Ryan Adams v. Weezer

Back-to-back nights at the Bowl brought us shows headlined by Ryan Adams (Thursday) and Weezer (Friday). The first was perfect, the latter a disappointment. I only knew about a third of Adams’s songs, but I enjoyed every one. Scoring a walk-up seat in the center of the sixth row made Adams’s exchanges with the raucous crowd that much more enjoyable. He hardly looks the rock star, with unkempt hair falling over his eyes like a shaggy dog and wearing a Pretenders T-shirt; his music, which he writes, and his guitar playing say it all. I thought I had heard that he could be off-putting in performance, but he was down-to-earth, casual and quite funny. His ballads were warm and soulful and his rockers rocked. Then there were jams, which rolled along like the Grateful Dead. The Independent review today said Adams is playing the best rock in America, and I felt lucky to be there.

I knew more, and expected more, of Weezer, but their music simply didn’t translate to an arena setting. Their tunes are simple, flat ahead, and words are important. Their sound system overwhelmed them, with a humongous woofer shaking the Bowl, and it was hard to hear what they were saying. Their stage presence was static and the visuals behind them trivial. (Ryan Adams, by contrast, used colors and shapes that emphasized his music – above all, “Blue” – whereas Weezer’s pictures distracted.) Not once did I feel transported, and I left the four-hour concert well before it finished and before they played “Buddy Holly.”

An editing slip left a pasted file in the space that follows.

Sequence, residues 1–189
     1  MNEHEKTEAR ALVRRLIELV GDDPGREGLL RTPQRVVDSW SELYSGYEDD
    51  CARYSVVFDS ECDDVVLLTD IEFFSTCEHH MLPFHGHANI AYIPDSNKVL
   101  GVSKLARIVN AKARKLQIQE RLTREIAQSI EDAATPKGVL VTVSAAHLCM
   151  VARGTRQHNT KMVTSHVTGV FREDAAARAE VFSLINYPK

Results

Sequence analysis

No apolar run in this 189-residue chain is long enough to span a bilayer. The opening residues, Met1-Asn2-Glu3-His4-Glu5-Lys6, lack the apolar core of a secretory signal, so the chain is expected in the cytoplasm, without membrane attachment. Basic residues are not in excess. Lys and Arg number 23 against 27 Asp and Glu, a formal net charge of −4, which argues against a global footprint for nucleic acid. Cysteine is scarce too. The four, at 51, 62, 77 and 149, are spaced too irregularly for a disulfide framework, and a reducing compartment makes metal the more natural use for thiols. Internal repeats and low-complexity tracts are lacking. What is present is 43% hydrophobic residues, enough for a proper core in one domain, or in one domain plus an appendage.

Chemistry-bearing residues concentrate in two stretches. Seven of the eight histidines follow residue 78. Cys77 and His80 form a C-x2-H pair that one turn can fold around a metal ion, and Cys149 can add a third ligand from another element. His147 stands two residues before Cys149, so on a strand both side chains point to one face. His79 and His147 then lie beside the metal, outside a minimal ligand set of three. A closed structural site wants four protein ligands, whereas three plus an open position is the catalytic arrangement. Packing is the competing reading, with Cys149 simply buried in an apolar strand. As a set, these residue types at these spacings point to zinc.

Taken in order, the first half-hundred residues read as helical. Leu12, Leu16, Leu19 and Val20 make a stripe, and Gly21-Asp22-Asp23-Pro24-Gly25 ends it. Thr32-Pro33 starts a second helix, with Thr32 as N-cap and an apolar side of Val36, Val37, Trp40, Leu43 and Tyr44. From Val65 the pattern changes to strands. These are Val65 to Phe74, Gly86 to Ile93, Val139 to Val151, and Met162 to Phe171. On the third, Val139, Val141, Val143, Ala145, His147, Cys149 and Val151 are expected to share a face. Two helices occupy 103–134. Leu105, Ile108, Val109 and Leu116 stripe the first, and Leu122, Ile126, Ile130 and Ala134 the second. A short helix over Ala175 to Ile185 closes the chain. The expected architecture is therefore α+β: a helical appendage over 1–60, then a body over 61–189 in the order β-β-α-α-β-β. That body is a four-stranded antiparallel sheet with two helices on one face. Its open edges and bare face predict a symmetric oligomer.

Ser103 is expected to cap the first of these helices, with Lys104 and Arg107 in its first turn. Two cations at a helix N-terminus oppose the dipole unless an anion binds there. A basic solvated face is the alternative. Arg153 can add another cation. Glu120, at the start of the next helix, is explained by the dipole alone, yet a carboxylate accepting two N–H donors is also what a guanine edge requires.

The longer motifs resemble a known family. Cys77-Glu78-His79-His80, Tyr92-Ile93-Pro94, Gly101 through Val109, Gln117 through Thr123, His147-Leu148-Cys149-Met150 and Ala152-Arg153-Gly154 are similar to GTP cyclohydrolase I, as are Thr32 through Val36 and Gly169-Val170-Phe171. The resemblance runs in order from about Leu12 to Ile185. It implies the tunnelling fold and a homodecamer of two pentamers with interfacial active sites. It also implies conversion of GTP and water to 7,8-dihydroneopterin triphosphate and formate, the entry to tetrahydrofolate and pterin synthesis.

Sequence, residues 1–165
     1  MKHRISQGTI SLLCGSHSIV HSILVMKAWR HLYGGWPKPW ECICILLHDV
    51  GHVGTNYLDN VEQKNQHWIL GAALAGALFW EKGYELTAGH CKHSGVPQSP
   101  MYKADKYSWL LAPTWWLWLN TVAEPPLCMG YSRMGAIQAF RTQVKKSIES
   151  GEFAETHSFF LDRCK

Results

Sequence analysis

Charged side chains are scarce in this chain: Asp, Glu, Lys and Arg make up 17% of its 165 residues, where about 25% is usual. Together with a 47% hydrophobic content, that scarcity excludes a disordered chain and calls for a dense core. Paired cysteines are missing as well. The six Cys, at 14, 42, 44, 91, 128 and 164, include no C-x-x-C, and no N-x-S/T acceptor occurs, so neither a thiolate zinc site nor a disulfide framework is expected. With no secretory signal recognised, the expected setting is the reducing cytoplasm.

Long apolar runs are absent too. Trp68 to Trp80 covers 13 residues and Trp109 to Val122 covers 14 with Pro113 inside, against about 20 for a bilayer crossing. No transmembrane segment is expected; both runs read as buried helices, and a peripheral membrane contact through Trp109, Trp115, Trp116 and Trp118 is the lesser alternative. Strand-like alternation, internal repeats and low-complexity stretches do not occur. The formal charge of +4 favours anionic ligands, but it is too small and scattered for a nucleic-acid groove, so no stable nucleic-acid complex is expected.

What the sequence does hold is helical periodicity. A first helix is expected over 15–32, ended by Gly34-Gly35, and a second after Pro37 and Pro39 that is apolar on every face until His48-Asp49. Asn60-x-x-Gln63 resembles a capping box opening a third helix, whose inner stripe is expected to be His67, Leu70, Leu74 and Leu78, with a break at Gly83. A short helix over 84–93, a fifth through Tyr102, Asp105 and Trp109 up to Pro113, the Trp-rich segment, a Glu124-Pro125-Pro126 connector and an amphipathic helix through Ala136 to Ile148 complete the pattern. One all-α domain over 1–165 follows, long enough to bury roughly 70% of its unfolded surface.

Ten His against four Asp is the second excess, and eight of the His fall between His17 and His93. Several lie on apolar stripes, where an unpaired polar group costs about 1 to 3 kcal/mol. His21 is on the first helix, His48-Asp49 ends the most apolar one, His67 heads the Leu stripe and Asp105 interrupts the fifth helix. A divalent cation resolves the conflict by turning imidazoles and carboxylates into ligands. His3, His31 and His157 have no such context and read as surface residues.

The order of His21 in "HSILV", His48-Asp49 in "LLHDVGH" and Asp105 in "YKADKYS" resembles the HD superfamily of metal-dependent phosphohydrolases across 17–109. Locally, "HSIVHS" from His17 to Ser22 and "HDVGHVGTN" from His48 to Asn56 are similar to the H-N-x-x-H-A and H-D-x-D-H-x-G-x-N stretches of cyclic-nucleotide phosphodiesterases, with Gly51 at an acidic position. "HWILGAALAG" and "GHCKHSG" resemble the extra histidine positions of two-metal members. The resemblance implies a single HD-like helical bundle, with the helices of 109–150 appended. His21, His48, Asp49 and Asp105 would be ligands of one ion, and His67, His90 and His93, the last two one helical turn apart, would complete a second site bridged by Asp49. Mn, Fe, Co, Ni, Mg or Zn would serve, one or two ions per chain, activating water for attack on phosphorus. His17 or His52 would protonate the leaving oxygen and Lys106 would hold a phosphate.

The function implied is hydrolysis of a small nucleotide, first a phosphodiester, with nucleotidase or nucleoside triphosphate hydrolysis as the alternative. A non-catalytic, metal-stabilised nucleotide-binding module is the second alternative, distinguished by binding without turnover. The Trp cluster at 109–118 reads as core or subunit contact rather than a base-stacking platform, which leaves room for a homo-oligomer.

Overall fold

Three tall, good-looking women called Nice As Fuck opened for Adams and played an enjoyable set, although much smaller than their headliner. Panic! at the Disco opened for Weezer, and it seemed their fans were more vociferous, if not more numerous. (Weezer attracted a lot of parent-age, memory-laden fans, who were more restrained.) Other than a pitch-perfect rendition of Bohemian Rhapsody, their songs were full of energy but devoid of hooks or much in the way of melody. Far more preferable, to my mind, was the neglected show-opener, Andrew McMahon, who played the best songs of the night.

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